" border=0
alt="Click for Aptos, California Forecast" height=50 width=150>[/url]

"Become vegetarian/vegan, and no one gets hurt"
Jerrymac
Galactic Bee
******
Offline Offline

Gender: Male
Posts: 6047


Location: Wolfforth Texas


« Reply #12 on: May 10, 2007, 11:32:22 AM »

When pushing all the frames, when they are all together, the hive tool make a pretty good pry bar. Just do one end a little bit and then the other end so as not to twist the frames too much, or do it from the middle if possible. I have this tool https://www.dadant.com/catalog/product_info.php?cPath=22_29&products_id=737
I place the turned down end between the frame and hive wall and pull. Every thing slides right over.
Logged

rainbow sunflower  Light travels faster than sound. This is why some people appear bright until you hear them speak.   rainbow sunflower

 Jerry

My pictures.Type in password;  youview
     http://photobucket.com/albums/v225/Jerry-mac/
reinbeau
Super Bee
*****
Offline Offline

Gender: Female
Posts: 2502


Location: Hanson, MA and Lebanon, ME


« Reply #13 on: May 11, 2007, 08:33:41 PM »

We have a frame hanger we put on the side of the super and put the frames on it as we go, or we bring out an empty super to set them in.  I don't know about putting them on the ground  huh  Don't like that idea much.
Logged


- Ann, A Gardening Beek -  ΜΟΛΩΝ ΛΑΒΕ

Click for Hanson, Massachusetts Forecast" border="0" height="150" width="256
Bee1
House Bee
**
Offline Offline

Gender: Female
Posts: 81

Location: Durham, North Carolina

1st & only hive installed Friday April 13th, 2007


« Reply #14 on: May 12, 2007, 07:40:00 AM »

I'll be a little more careful and try some of your suggestions over time.   I have a tool just like the one Jerrymac suggests and I have a a frame hanger on my shopping list as this looks like a handy item.   

make sure the bees can't get up your pants if you are putting frames on the ground.  that's how i got the first really nasty stings i took  smiley

 kathyp - I laughed a little bit.  I can see the wisdom of this advice and will be more careful.  Kiss  This does not sound pleasant. 

Bee1
Logged

Bee1 with all Stings of the Universe.
Brian D. Bray
Galactic Bee
******
Offline Offline

Gender: Male
Posts: 7369


Location: Anacortes, WA 98221

I really look like this, just ask Cindi.


WWW
« Reply #15 on: May 12, 2007, 11:20:38 PM »

A few thoughts:
1.  The queen has a sweet (prefered) side of the hive.  When a package is put in a hive the bees will usually congrigate to one side or the other of the hive.  The side they congrigate to is the queens sweet side.  Looking from the rear of the hive, if the cluster is on the left side, I call it left handed, if it's on the right side--right handed.  You can almost always find the queen by noticing which is her sweet side and then pulling the frames from that side in this order: 3,4,2,5.  Then go to the other side and repeat.  Some hives are ambidexterous, clustering down the middle of the hive--a queen from such a hive will usually be found on the 3 middle frames of the brood chamber.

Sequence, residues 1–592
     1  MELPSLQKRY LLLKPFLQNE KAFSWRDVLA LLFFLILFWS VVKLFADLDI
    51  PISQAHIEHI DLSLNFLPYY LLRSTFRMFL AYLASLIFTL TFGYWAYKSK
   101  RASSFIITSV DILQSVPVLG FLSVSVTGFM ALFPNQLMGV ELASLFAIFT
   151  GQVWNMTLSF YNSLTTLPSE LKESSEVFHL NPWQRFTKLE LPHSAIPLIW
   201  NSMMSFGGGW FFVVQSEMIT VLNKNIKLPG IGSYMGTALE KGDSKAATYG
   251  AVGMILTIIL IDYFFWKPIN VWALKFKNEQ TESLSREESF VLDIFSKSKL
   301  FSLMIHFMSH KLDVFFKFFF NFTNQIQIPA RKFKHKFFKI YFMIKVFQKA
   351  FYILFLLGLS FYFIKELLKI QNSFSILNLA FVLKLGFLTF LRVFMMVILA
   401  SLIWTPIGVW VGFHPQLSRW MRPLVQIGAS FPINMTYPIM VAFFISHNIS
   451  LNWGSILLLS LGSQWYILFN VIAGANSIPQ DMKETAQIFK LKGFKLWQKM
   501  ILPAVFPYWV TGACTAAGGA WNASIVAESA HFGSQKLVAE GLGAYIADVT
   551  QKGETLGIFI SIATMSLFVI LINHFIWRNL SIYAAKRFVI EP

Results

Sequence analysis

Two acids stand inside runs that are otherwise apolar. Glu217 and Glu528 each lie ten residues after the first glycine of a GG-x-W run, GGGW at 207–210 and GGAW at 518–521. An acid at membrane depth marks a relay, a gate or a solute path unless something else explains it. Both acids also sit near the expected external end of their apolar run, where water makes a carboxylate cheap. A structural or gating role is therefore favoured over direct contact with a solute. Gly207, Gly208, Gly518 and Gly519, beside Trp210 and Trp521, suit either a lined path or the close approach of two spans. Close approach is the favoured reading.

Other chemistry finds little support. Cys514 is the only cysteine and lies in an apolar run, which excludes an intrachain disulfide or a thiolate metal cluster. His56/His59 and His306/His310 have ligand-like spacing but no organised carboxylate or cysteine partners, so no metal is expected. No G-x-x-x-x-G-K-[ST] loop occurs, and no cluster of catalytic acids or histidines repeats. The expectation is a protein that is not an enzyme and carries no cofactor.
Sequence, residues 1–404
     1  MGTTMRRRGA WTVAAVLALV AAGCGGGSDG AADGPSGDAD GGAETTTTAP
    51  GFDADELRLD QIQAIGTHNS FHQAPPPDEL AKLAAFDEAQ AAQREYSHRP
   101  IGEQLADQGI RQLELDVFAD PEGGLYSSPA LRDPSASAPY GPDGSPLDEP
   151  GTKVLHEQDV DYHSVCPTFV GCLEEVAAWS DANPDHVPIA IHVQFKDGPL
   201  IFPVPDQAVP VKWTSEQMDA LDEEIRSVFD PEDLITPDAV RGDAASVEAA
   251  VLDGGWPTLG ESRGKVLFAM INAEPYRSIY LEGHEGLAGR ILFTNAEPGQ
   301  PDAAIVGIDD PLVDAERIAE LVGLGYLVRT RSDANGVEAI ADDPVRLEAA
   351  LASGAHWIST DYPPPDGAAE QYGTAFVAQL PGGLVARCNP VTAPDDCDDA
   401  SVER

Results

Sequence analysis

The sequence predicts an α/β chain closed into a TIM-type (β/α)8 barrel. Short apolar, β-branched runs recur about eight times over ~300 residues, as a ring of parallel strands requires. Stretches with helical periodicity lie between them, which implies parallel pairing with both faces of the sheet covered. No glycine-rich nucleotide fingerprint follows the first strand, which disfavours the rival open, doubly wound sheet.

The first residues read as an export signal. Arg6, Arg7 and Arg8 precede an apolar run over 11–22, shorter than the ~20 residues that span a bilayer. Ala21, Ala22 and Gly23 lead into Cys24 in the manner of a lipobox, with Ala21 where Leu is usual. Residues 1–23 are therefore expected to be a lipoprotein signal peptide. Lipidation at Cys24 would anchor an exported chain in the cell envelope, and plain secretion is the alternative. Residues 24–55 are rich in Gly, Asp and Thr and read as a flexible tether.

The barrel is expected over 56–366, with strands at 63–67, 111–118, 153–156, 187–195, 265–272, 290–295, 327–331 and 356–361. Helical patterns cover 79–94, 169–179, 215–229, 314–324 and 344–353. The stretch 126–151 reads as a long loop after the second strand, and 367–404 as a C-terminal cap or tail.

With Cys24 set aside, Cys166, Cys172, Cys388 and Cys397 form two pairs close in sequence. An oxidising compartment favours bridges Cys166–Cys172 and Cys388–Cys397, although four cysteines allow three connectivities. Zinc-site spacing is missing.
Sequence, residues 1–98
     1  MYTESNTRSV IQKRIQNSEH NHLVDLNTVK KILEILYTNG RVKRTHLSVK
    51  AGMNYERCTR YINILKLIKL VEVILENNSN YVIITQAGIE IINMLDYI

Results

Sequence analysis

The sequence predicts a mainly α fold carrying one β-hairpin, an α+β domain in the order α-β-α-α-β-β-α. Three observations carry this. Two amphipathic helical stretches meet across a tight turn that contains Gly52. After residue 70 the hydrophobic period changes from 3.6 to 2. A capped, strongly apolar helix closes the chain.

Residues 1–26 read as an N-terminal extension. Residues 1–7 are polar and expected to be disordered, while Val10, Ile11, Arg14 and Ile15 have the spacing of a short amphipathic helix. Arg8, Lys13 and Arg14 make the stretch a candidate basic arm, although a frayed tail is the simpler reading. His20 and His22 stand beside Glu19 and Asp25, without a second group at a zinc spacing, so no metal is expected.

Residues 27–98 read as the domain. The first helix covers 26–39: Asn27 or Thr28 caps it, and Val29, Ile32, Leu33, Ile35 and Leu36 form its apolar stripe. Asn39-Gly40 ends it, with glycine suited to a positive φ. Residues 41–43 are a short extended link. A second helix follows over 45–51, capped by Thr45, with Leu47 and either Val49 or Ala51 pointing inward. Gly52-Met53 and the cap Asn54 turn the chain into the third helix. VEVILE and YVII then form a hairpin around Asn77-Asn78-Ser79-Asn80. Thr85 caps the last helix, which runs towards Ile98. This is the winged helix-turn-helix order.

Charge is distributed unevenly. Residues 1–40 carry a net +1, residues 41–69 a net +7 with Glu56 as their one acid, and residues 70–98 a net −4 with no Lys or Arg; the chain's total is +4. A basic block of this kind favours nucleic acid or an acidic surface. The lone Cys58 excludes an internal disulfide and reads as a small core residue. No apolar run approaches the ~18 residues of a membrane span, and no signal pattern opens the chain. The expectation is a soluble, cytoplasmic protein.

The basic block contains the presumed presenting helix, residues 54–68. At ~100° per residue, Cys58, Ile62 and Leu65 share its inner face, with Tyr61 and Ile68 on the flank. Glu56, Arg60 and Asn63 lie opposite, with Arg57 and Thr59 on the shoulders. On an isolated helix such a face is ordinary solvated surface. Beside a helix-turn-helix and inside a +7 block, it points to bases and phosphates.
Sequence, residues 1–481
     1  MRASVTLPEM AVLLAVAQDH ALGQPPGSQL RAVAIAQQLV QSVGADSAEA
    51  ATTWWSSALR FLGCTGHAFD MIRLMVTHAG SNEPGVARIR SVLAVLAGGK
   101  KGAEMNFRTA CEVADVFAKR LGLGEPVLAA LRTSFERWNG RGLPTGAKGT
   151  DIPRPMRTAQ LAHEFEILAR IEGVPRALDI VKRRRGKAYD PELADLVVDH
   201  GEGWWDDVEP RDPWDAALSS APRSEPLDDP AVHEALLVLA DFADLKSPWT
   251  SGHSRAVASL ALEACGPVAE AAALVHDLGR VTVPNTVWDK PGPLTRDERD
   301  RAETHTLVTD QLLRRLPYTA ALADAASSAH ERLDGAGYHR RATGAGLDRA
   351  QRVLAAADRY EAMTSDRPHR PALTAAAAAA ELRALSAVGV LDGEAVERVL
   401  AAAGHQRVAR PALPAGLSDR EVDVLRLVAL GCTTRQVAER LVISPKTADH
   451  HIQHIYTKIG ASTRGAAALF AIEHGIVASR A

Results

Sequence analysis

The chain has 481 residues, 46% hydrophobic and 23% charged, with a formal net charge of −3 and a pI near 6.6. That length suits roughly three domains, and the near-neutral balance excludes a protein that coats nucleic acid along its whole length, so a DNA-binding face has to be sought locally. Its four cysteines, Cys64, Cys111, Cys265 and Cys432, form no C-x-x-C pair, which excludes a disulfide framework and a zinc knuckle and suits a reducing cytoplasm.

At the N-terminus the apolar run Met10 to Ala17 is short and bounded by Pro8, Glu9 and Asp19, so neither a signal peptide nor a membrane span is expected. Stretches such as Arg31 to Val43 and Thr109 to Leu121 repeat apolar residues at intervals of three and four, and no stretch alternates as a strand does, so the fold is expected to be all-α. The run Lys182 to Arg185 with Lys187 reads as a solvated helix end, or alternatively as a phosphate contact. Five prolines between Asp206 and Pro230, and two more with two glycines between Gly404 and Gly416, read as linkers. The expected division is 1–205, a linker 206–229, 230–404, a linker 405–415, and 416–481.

2.  Use a frame hanger if you have 1, it saves the possibility of dropping the queen in the grass if she was on the 1st frame you pulled.
3.  Pull the 3rd frame from 1 side or the other 1st.  Pulling the frame next to the hive wall has a tendency to squish and kill bees by rooling them against the wall as the frame is withdrawn.  Drawing an inner frame allows the the dislodged bees to land amid other bees and the frames will prevent rolling. Also, if you're interesting in finding the queen you are already in the middle of her sweet spot.
4. Always put the frames back into the hive the same way you pulled them, the same order.  To do otherwise disrupts the content of the hive and forces the bees to do unneccessary house hold chores to correct the balance of the hive.  With new hives you can set them back a week or more by mixing up the order of the frames.
Logged

Life is a school.  What have you learned?   Brian      The greatest danger to our society is apathy, vote in every election!
Bee1
House Bee
**
Offline Offline

Gender: Female
Posts: 81

Location: Durham, North Carolina

1st & only hive installed Friday April 13th, 2007


« Reply #16 on: May 13, 2007, 12:40:53 PM »

 
A few thoughts:
1.  The queen has a sweet (prefered) side of the hive.  When a package is put in a hive the bees will usually congrigate to one side or the other of the hive.  The side they congrigate to is the queens sweet side.  Looking from the rear of the hive, if the cluster is on the left side, I call it left handed, if it's on the right side--right handed.  You can almost always find the queen by noticing which is her sweet side and then pulling the frames from that side in this order: 3,4,2,5.  Then go to the other side and repeat.  Some hives are ambidexterous, clustering down the middle of the hive--a queen from such a hive will usually be found on the 3 middle frames of the brood chamber. 

This is intersting and I will keep an eye on it.  My Queen has more heavily worked the left side of the hive - "her sweet side", and at this point in my career I am interested in seeing the queen as often as I can - just to see if I can find/recognize her. 

Can't finish my thoughts just now, I've been called away.  My husband called from REI and wants me to come check out a tent. 

Namaste,
Beee1
Logged

Bee1 with all Stings of the Universe.
Pages: [1]   Go Up
  Print  
 
Jump to:  

Beemaster's Beekeeping Ring
Previous | Home | Join | Random | Next
Powered by MySQL Powered by PHP Powered by SMF 1.1.19 | SMF © 2013, Simple Machines | Sitemap Valid XHTML 1.0! Valid CSS!
Page created in 0.96 seconds with 22 queries.

Google visited last this page August 22, 2014, 07:08:25 PM
anything